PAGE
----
Over at the U.S. Department of Labor, look for the hits to keep on coming. Two months ago, we saw headhunting firm Korn/Ferry
Based on the earnings report just out from temporary staffer Kforce
In the second quarter of 2005, Kforce reported that its revenues surged more than 30% against Q2 2004. And like Korn/Ferry in June, Kforce was pleased as punch to inform investors of just how well that revenue growth played out on the firm's bottom line. Overall firm-wide profits skyrocketed nearly 22 times. Unfortunately, continued stock dilution watered down that profits increase before earnings reached the per-share level. But even after the firm's share count expanded by more than 16% year over year, profits per diluted share still came in at $0.14 per share -- a remarkable increase over Q2 2004's $0.01 a share.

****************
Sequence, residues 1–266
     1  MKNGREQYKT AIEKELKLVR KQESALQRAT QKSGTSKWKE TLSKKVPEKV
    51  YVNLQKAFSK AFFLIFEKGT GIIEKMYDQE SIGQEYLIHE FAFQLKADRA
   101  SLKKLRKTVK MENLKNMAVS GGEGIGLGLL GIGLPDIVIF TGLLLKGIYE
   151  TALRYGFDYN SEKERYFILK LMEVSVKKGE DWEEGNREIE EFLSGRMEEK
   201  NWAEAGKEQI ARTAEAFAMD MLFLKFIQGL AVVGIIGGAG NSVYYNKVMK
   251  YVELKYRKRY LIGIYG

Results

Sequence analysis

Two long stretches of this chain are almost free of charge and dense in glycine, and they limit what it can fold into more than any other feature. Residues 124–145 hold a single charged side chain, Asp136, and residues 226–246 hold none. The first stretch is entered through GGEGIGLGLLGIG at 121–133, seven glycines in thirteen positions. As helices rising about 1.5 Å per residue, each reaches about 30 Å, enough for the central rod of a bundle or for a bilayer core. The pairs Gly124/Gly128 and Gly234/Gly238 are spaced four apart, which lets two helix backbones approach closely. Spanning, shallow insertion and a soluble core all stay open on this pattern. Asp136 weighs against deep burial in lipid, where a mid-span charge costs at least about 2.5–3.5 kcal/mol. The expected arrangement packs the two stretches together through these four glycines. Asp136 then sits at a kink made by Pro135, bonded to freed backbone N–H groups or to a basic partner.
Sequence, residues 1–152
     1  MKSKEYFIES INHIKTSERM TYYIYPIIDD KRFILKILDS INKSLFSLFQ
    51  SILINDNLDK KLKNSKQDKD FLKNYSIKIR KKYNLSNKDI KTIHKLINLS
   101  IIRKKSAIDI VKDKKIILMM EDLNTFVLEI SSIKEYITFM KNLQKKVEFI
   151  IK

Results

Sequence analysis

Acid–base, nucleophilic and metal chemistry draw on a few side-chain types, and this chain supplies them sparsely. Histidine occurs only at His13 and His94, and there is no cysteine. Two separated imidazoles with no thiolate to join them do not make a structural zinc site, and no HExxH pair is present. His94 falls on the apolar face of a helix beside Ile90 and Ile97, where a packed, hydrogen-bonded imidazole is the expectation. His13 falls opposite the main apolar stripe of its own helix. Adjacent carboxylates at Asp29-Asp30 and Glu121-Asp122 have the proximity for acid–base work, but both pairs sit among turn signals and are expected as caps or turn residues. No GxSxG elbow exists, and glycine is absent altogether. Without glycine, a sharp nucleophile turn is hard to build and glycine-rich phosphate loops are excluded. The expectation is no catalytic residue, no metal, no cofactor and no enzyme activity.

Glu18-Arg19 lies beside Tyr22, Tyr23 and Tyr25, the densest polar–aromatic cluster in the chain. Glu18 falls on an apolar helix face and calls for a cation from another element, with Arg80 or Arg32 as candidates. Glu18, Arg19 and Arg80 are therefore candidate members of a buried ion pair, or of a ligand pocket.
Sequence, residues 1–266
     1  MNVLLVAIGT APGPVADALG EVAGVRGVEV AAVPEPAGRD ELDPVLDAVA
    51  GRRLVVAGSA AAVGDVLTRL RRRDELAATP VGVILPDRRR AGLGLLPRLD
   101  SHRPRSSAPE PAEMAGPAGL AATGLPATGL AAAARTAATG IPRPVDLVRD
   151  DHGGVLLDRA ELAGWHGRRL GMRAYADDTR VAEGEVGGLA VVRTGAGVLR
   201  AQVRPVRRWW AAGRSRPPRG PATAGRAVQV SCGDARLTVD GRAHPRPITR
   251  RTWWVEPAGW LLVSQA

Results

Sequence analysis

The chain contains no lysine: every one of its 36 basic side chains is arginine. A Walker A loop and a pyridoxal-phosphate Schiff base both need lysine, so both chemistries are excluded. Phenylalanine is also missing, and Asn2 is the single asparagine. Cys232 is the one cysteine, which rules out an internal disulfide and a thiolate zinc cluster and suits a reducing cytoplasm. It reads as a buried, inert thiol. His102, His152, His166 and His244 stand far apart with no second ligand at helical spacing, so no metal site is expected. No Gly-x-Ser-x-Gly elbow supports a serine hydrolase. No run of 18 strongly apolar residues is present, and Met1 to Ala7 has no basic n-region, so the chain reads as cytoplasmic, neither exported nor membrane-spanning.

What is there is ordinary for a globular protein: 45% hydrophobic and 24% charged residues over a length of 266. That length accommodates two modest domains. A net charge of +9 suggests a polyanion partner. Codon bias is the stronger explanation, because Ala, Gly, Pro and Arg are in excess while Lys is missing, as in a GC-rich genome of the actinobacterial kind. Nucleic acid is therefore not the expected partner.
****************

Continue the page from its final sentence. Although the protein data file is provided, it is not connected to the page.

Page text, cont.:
Speaking of dilution, it's worth pointing out that the company did buy back 751,000 shares of its common stock in Q2 -- and did so at a very nice price by paying, on average, $7.87 per share. Yet despite those buybacks, the company's share count nonetheless increased, not only by the staggering 16% year-on-year amount noted above, but also (in a much more muted manner) sequentially against Q1 2005.
So yes, Kforce, it's great that you're buying back shares. And yes, it certainly looks like you bought them at a bargain. Keep up the good work with that (and with the revenue and profits growth, too, of course), but don't expect any shareholder adulation for another few quarters. I doubt it will be forthcoming until the year-on-year comparisons of diluted shares outstanding have had time to scroll off the side of your income statement.
Read about the Force, Luke, in:
- It's Warp Speed for Kforce
- Staffer Shoots for Stars
- Employment Stocks to Rise?
- Kforce Comes Out Fighting
Fool contributor Rich Smith does not own shares in any company named above.